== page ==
Re-assess how you price the products you sell. There is nothing that says you can’t sell for more than the MSRP — particularly on items for which price has little impact on product sales. Why not take advantage of this fact?

Even if raising prices has a moderately detrimental effect on overall sales, consider the net effect. If increasing prices doubles your net profit before taxes, sales can decrease by up to half before you stop coming out ahead. It works for brands such as BMW and Mercedes — why not for you?

Move Unwanted Inventory

In an ideal world, every item we stock would fly off the shelf with nothing less than amazing speed. Then there is reality.

All of us find ourselves with inventory we don’t need. Perhaps it is leftover sizes and colors from an item now discontinued. Perhaps it is items we never should have stocked in the first place (what were we thinking?). In any event, these are items that simply will not move in a timely manner if left priced and promoted “as is.”

Unwanted inventory creates a variety of problems.

  • It ties up money that could otherwise be invested in merchandise, programs or services that do a better job of creating profits.
  • It occupies valuable space.
  • Its presence may confuse customers and inhibit sales by cluttering the number of choices available.

Assuming you don’t replace unwanted inventory with equally undesirable merchandise, any money you make from it may put you ahead. So how can you make this stuff simply go away? Here are three possibilities:

  • First, the obvious: Lower the price. This is often all that is needed.
  • Another possibility: Include the unwanted items as part of a larger package to increase the package’s perceived value. (This may be preferable to simply offering the package at a discounted price.)
  • Third possibility: Look for alternative means of disposing of the unwanted items.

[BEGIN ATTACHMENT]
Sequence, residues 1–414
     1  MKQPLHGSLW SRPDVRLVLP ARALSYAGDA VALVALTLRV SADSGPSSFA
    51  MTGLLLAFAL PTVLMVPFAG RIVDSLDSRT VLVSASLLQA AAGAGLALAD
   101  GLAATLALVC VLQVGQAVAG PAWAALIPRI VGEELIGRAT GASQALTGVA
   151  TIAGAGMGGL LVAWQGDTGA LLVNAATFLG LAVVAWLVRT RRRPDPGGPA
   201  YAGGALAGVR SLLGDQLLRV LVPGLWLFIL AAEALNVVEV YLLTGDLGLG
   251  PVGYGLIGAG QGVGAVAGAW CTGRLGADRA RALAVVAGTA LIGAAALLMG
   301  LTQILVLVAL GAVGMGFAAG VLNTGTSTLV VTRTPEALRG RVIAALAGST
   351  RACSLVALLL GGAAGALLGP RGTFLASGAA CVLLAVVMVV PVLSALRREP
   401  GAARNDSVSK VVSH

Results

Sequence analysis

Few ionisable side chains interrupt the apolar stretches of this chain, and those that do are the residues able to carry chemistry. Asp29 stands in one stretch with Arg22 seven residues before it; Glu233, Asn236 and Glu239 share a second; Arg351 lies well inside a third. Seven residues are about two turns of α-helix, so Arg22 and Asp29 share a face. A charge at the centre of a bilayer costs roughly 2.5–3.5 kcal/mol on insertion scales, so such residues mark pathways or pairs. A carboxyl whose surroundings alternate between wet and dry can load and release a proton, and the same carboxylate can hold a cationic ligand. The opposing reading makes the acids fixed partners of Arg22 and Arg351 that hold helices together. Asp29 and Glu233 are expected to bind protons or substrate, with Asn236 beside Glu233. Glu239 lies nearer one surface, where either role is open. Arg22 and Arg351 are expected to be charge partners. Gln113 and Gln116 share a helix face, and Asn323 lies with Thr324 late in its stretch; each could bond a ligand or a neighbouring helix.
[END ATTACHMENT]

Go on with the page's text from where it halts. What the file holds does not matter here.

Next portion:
A dive store I know once found itself with an overstock of unwanted travel luggage. These were not dive-specific items, but rather fanny packs, camera cases, backpacks and duffels that would be of interest to any traveler.

To rid themselves of these items, once it became apparent they weren’t moving, the dive store took a booth at a local swap meet and offered these items at a discount off MSRP.

That’s all it took. What the store’s customers did not want the general public did, causing the unwanted merchandise to disappear in less than a day.

Get Customers Diving

There is a direct relationship between how much your customers dive and how much money they spend with you. The more your customers dive, the more you can increase both sales and profits. When customers dive, several good things happen:

  • They buy new equipment.
  • They replace old equipment.
  • They get old equipment serviced.
  • They rent the equipment they are not able to buy.

This is in addition to the money you make from the classes, trips or other activities that get your customers in the water.

“That’s great,” you say, “Everyone knows that, but…”

But what? Is it too cold outside to go diving? Is your next scheduled group trip not for another several months? (You do have one or more group trips scheduled, don’t you?) What is your excuse for not choosing to be successful? Consider:

  • There are a lot of classes and activities you can sponsor that don’t necessarily involve getting wet and, therefore, do not depend on the weather. These include first aid/CPR, dive computer, equipment and fish ID classes.
  • There are many other classes for which you can at least do the classroom and pool portion, even if you must postpone open-water training until later. These include rescue and leadership courses, Nitrox Diver training, and a host of specialties, such as underwater photo and video.
  • So your next week-long group trip is still months away. Who says you can’t put together a long weekend trip on comparatively short notice? Much of the eastern USA is within an overnight drive of the Florida Springs and Panhandle. On the West Coast, dive boats operate year round. In the central USA, dive sites such as Homestead and Bonne Terre Mine are completely unaffected by weather. And you probably have a surprising number of customers who will pay to fly to destinations such as the Bahamas or Cozumel for three- or four-day weekend trips. Trips such as these tend not to have the space commitments associated with longer trips and, because they cost less, you can fill them on shorter notice.
  • Don’t overlook the money to be made booking travel for individuals, couples and small groups. Many dive travel wholesalers are eager to help you with this.

The bottom line is, you won’t achieve greater profitability by sitting around waiting for it to happen. There are steps you can take right now that can help put money in your pocket immediately. You only have to choose to take them.